When C was diagnosed with a nut allergy, I cried for two days. I remember being particularly devastated that he would never have Reese’s peanut butter cups and that he’d probably never be able to go to Thailand (even though I haven’t even been myself).
One of the things that worried/saddened me the most was how we’d cope with birthday parties. Well, five years on we’ve attended loads of birthday parties, and we’ve just had our first couple of parties where I didn’t stay to help supervise.
For me, the key to success has been close cooperation and clear communication with host parents. That’s why I’ve put together this infographic below highlighting five questions you should ask a host parent when your allergic child is invited to a birthday party.
Where will the party be?
C has only ever had two reactions to nuts. The initial one, which saw us end up in a&e, and then one to peanut residue on the carpet at the local cricket club (he’d been crawling on it as part of a football activity). Up until the second reaction it hadn’t occurred to me that i need to think about floor surfaces as a risk to his allergy! Now I’m very aware of places like pubs (or cricket clubs or function rooms where people may serve or may have served peanuts).
It’s also important to think about whether the venue is easily accessible to emergency services and whether there’s phone reception to ring for help if necessary.
What will they eat?
The big one. When it comes to food I’m always happiest if the party is not at someone’s house. I’ve seen my fair share of kitchens at soft play centres and other party venues, reading ingredients on catering-sized bags of chips and bottles of oil! (It gets easier and you’ll get less awkward about doing this!)
It’s harder when it’s at someone’s house, but in my experience host parents are incredibly accommodating. I’ve had mum’s text me pictures of all packaging or inviting me round to their house beforehand to check everything is safe. I’ve had texts letting me know they found a bag of peanuts in the back of the kitchen cupboard and if that’s going to pose problems.
But I’ve also rocked up at a christening where there were bowls of peanuts out on tables – with lots of young kids walking around with plates of food a including a nuts – despite the hosts knowing about his allergy, and loving him.
So I guess the lesson here is that even when it feels awkward, you need to check and double check when it comes to food. At the end of the day, good intentions only won’t keep your child safe.
Find out about how kids will be kept busy. Are they doing arts and crafts or decorating cupcakes or making their own pizzas? Those activities come with obvious risks for the allergic child. But even something like pass the parcel could have risks (sweets in between layers) or prizes being given for other party games.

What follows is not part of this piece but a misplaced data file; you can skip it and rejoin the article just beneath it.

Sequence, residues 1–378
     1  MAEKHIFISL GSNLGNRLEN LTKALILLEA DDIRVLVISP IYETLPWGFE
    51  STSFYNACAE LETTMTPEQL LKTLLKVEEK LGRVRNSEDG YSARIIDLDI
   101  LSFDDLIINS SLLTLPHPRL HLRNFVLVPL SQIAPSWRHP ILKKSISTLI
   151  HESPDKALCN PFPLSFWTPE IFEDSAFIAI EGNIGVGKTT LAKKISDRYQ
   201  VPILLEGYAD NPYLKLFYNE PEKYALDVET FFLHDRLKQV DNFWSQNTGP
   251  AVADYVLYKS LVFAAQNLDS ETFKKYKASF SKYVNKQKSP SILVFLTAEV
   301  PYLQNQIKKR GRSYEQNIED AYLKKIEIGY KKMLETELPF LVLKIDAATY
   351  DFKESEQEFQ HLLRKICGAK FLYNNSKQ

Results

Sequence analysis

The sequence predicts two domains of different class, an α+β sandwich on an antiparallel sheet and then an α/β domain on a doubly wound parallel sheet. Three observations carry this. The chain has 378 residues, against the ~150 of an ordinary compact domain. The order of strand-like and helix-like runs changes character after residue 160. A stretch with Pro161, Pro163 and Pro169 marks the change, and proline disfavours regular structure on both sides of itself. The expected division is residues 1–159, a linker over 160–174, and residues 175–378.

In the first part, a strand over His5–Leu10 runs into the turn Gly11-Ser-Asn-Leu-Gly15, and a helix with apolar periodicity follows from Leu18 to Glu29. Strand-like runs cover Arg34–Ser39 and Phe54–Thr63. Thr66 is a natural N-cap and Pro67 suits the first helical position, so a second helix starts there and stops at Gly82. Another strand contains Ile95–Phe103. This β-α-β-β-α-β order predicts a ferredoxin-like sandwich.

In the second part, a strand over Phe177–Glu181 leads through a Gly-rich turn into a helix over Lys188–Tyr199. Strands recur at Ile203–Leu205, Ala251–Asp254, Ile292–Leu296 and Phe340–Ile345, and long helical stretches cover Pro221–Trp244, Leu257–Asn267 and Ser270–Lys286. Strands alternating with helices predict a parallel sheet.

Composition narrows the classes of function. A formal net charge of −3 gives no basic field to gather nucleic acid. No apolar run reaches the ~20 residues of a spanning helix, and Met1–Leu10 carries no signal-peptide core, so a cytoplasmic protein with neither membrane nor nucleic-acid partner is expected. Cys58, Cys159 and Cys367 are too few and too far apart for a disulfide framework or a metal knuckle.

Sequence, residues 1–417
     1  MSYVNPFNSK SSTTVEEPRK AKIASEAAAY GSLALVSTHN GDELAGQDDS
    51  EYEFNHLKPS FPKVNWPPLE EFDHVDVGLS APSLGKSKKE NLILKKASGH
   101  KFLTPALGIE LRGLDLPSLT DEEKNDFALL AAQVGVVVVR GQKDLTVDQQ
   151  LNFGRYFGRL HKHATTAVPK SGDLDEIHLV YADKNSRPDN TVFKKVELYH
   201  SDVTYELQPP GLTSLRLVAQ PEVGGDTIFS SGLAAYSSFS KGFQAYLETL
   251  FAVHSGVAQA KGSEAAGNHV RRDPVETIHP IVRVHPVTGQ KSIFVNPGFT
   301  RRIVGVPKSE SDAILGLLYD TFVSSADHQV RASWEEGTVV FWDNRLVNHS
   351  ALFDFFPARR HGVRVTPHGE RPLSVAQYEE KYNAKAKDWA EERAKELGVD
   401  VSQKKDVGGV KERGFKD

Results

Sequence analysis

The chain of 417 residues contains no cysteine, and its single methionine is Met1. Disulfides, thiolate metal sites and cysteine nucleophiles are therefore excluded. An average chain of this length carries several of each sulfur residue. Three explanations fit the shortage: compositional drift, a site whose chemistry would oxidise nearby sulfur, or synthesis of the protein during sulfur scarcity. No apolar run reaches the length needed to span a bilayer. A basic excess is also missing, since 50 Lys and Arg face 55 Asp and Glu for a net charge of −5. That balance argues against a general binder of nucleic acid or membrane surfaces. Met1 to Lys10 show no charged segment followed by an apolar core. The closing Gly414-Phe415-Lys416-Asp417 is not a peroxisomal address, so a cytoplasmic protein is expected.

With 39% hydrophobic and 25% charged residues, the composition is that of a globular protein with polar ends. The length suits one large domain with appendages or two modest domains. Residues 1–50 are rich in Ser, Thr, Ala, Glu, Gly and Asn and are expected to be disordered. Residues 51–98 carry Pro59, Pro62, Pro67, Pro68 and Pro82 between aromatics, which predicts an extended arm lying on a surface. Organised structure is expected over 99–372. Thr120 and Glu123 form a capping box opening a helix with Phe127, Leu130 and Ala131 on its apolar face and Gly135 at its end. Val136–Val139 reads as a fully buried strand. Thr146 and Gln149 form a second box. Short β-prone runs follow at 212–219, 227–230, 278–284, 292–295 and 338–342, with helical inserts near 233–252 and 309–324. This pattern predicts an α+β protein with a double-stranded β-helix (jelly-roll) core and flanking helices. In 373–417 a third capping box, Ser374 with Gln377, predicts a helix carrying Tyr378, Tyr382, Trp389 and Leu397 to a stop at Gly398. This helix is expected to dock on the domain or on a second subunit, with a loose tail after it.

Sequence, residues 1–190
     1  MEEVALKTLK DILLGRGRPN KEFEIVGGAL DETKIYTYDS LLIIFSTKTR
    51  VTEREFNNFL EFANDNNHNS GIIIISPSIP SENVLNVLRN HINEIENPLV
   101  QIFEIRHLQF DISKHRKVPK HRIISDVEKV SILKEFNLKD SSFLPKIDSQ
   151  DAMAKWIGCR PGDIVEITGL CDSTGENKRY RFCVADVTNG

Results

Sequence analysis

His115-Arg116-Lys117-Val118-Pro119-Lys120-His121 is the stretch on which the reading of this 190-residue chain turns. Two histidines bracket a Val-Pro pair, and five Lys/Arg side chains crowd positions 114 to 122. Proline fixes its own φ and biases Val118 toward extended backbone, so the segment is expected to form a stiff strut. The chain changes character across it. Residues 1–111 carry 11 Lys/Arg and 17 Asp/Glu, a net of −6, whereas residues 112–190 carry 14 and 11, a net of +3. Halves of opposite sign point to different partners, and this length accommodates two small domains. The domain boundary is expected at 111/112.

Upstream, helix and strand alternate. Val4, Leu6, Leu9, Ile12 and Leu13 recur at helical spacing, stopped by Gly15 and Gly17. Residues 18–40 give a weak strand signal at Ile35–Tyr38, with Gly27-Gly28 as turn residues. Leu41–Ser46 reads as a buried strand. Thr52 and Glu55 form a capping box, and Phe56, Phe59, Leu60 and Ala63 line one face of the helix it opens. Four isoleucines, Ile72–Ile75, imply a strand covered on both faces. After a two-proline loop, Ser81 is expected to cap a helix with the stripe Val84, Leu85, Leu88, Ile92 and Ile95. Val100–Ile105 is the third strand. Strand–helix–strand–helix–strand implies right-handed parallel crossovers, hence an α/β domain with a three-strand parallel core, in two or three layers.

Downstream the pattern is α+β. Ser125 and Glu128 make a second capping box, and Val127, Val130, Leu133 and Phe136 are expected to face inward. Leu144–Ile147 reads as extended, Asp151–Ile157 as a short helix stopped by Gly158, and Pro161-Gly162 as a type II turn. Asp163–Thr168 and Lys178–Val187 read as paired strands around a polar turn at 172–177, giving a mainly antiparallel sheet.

The order of activities is also important, so check about things like handwashing to avoid contact reactions.
Most shopbought cakes are a no-no for us, and unless I know the hosts well, I don’t trust homemade cakes either as there is such a big risk of cross contamination. Fortunately, C has always been happy with an alternative such as a Jaffa Cake bar, although recently I’ve been getting Genius chocolate cupcakes which are a lot more cakey.
There is no universally right answer to the question: How old should my child be before I leave them at a party on their own? In the case of an allergic child, most parents would think like 30…
Joking aside, C is now six and he’s been to two parties this year where I didn’t stick around. Before leaving him at the parties (which were both at people’s homes), I went through food choices, packaging and sweets for party games with the host parents. I discussed possible symptoms and explained what medication was needed. I made sure they had my phone number and I reminded C several times to double check with his friend’s parents before eating anything.
Then I went home and instead of spending a couple of hours relaxing, I kept checking my phone.
The thing is, as scary as birthday parties can be, we can’t wrap our allergic children up in cotton wool forever. The best we can do is raise sensible, aware young people, educate those around us (and around them), and minimise risk through preparing as much as possible.
Here’s a checklist to remind you of questions to ask the host parents when your allergic child gets invited to a birthday party.
(You’re welcome to use this infographic on your blog, but please link back to this page.)